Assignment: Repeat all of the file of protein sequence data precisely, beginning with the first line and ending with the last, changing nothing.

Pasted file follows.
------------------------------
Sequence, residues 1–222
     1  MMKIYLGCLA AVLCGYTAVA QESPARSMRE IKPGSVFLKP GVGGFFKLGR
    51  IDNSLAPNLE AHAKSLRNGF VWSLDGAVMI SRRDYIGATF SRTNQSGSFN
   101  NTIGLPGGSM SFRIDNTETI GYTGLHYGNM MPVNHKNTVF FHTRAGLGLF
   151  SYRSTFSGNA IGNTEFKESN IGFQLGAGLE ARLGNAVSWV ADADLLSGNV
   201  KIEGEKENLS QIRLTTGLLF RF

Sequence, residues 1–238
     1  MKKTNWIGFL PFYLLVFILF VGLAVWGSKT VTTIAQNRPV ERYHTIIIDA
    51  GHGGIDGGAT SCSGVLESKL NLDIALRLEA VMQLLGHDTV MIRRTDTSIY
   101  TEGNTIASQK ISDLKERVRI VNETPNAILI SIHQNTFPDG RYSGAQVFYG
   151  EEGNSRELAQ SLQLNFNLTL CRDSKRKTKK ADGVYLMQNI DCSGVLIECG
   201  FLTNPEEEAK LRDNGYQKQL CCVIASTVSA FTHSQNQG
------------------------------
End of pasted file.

Sequence, residues 1–222
     1  MMKIYLGCLA AVLCGYTAVA QESPARSMRE IKPGSVFLKP GVGGFFKLGR
    51  IDNSLAPNLE AHAKSLRNGF VWSLDGAVMI SRRDYIGATF SRTNQSGSFN
   101  NTIGLPGGSM SFRIDNTETI GYTGLHYGNM MPVNHKNTVF FHTRAGLGLF
   151  SYRSTFSGNA IGNTEFKESN IGFQLGAGLE ARLGNAVSWV ADADLLSGNV
   201  KIEGEKENLS QIRLTTGLLF RF

Sequence, residues 1–238
     1  MKKTNWIGFL PFYLLVFILF VGLAVWGSKT VTTIAQNRPV ERYHTIIIDA
    51  GHGGIDGGAT SCSGVLESKL NLDIALRLEA VMQLLGHDTV MIRRTDTSIY
   101  TEGNTIASQK ISDLKERVRI VNETPNAILI SIHQNTFPDG RYSGAQVFYG
   151  EEGNSRELAQ SLQLNFNLTL CRDSKRKTKK ADGVYLMQNI DCSGVLIECG
   201  FLTNPEEEAK LRDNGYQKQL CCVIASTVSA FTHSQNQG